On the other hand, the rising supply can be misleading, because not all of the homes on the market are competitive, said Kentwood’s Cryer.
“When you’re driving around looking at homes in the $350,000 to $400,000 price range, you would be surprised how many are in terrible condition,” Cryer said. “”Six or seven out of every 10 will have some fatal flaw.” The lack of choice of choice properties come at a time when prospective buyers only want the cream of the crop, he said. “No question that expectations are extremely high,” Cryer said.
Shadow market lurks
On the other hand, Cryer said there may be thousands of unsold homes waiting in the wings that aren’t being reflected in the data. He recently attended a presentation by Ryan Lantz, whose company, Claremont Information Systems has developed a subscription service called Short Sale ProLogic to help Realtors and others identify short sales, indicates the so-called “shadow market” of available homes waiting to hit the market. Their data indicates that the shadow market could increase the supply on unsold homes by more than 70 percent in its 10-county market, Cryer said. (For an earlier story about this company, please visit Short Sale Software Aimed at Realtors.)
“Could you imagine the impact if it is even 40 percent? What would happen to car dealers, if their supply of unsold cars suddenly jumped by 40 percent?”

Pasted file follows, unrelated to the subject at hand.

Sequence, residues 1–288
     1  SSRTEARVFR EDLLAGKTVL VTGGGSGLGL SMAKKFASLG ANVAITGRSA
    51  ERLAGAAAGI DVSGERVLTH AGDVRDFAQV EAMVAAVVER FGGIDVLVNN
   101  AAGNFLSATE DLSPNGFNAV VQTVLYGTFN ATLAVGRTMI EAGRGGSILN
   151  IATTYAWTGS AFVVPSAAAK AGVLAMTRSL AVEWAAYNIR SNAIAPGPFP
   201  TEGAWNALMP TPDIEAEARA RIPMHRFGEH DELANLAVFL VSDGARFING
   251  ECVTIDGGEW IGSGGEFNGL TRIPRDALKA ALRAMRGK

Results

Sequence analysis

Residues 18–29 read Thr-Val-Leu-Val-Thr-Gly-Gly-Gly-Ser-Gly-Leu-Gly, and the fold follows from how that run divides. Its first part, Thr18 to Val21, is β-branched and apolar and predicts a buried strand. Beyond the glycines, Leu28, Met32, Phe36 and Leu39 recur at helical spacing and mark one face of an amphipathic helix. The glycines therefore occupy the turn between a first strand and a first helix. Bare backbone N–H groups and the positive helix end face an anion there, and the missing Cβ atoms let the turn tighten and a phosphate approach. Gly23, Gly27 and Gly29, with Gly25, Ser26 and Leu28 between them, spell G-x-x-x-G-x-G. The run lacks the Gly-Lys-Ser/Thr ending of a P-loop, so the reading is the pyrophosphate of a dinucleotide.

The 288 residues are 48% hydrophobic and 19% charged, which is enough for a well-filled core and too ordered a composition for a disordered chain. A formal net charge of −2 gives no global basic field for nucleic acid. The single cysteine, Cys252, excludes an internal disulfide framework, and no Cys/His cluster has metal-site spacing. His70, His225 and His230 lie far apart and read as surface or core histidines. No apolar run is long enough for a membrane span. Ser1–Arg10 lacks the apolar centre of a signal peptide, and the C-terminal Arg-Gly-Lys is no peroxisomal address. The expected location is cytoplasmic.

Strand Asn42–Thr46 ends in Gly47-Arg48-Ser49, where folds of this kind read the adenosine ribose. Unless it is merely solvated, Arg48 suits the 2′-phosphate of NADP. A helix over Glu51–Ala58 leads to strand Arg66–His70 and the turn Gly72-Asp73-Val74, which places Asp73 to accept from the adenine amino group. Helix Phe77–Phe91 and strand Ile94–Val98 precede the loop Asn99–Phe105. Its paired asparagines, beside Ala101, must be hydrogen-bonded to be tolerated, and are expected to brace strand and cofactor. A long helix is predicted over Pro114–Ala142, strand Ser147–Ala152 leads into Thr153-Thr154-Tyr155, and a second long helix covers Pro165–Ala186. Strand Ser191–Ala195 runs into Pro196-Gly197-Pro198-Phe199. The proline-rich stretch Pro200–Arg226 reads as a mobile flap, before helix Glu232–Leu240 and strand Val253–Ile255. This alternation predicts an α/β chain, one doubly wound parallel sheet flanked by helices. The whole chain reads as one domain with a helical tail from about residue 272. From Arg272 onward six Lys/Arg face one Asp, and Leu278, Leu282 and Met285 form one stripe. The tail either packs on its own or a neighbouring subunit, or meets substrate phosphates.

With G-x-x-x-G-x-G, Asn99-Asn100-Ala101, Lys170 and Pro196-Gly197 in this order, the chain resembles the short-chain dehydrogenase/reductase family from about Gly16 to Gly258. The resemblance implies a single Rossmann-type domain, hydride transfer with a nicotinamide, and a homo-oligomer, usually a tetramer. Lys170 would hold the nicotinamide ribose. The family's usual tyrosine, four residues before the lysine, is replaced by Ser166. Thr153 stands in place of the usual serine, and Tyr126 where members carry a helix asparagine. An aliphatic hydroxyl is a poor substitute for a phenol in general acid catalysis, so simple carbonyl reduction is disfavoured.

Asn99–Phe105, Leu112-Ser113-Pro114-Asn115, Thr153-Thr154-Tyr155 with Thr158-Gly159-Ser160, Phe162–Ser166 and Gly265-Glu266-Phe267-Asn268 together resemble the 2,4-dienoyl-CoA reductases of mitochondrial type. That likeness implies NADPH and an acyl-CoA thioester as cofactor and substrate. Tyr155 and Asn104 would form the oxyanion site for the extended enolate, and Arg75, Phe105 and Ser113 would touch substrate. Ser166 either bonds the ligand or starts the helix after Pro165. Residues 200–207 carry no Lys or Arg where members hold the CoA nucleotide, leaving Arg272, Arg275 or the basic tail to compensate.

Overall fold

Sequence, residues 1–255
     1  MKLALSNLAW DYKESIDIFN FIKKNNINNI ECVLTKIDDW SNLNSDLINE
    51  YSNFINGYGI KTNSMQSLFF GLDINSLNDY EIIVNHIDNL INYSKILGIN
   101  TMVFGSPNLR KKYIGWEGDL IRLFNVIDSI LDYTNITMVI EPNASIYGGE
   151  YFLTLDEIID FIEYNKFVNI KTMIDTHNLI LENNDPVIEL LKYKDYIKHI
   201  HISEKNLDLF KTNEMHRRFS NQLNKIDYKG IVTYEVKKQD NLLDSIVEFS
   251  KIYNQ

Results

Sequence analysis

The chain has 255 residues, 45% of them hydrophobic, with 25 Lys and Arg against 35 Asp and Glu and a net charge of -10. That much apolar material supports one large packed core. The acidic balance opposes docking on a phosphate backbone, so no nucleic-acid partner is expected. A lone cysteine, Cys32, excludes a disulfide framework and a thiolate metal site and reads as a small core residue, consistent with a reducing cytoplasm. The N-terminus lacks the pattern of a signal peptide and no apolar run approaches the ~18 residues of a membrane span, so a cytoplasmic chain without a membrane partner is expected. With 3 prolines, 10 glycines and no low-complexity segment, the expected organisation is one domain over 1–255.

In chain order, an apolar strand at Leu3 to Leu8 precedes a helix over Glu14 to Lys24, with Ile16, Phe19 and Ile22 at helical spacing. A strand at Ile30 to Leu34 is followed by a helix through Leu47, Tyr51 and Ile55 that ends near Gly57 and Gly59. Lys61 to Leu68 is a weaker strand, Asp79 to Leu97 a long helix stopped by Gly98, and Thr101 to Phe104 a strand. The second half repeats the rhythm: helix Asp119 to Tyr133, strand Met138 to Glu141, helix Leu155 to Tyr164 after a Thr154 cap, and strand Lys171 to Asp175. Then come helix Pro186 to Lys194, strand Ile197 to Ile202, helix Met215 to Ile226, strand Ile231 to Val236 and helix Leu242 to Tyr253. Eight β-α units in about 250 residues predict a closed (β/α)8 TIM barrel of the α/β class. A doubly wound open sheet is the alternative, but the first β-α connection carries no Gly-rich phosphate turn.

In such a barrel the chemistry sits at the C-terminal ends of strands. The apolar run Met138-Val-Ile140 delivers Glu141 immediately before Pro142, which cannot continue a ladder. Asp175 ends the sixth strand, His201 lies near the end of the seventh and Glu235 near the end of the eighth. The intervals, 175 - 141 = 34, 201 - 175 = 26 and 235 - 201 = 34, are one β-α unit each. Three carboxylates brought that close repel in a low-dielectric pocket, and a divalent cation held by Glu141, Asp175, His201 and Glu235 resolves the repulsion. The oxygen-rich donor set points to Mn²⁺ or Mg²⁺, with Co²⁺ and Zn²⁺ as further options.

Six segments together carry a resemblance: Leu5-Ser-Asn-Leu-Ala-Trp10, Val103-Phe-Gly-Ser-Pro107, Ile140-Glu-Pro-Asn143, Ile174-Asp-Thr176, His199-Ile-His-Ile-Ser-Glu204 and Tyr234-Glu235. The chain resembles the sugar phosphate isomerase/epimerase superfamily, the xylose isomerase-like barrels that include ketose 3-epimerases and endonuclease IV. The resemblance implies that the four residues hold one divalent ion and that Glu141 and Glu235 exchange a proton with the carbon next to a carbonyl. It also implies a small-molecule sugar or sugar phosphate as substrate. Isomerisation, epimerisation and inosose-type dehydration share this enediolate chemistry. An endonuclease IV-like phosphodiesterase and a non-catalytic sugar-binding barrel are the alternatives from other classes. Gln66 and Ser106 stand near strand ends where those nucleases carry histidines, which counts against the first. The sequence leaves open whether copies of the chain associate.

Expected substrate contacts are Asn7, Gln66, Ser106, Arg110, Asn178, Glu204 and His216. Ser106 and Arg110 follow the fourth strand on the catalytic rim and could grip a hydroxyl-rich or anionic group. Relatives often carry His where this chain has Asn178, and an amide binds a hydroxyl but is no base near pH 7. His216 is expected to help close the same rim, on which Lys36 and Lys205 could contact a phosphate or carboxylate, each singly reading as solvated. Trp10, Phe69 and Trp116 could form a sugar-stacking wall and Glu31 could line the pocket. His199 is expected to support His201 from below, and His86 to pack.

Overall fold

Economist Thredgold said that the Denver-area’s economy has not bounced back as quickly as some other areas, which is one of the reasons that demand for housing remains soft. But more than anything it is being buffeted by macro metrics.
Thredgold said uncertainty on a number of national issues are making consumer reluctant to shop on the dotted line, including:
- Tax rates
- Health care
- The ability of Democrats and Republicans to work together
“Even thought mortgage rates are still extremely attractive, despite recent increases, people are keeping their money very close to their vest, so to speak,” Thredgold said. “Plus, for many people, they have a house to sell before they can move up to a bigger one. And it is difficult to sell a home right now.”
Jason Miller, principal of Milan Realty, said the market should “see a small bump in December under contracts and Janury sales, because of the big jump in mortgage rates from 4 percent to close to 5 percent today,” as some buyers get off the fence in fear that rates will rise more.
Running on empty
Still, Miller said the November home sales activity numbers were so gloomy, he finds it hard to believe anyone could a positive spin on it.
“It looks to me like we have run out of qualified buyers,” Miller said. “To have mortgage rates at 4 percent and November sales the weakest since November of 1991, this is very weak. Condo sales are down 38 percent year over year, tell us there are very few first-time buyers.”
Miller takes no pleasure in being negative on the market.
“I wish things were better,” Miller said. “I just like to call things like I see them. Buyers deserve to know both sides.”
Year Under Contract Closings Average Price
2002 2,022 3,641 $273,304 $222,500
2003 2,074 3,676 $283,517 $229,500
2004 2,786 4,545 $289,934 $236,500
2005 4,709 4,225 $309,030 $248,250
2006 4,266 2,843 $306,982 $245,000
2007 4,007 3,482 $297,812 $229,500
2008 3,637 2,920 $242,557 $195,000
2009 3,444 3,599 $265,498 $218,000
2010 3,101 2,666 $281,466 $233,990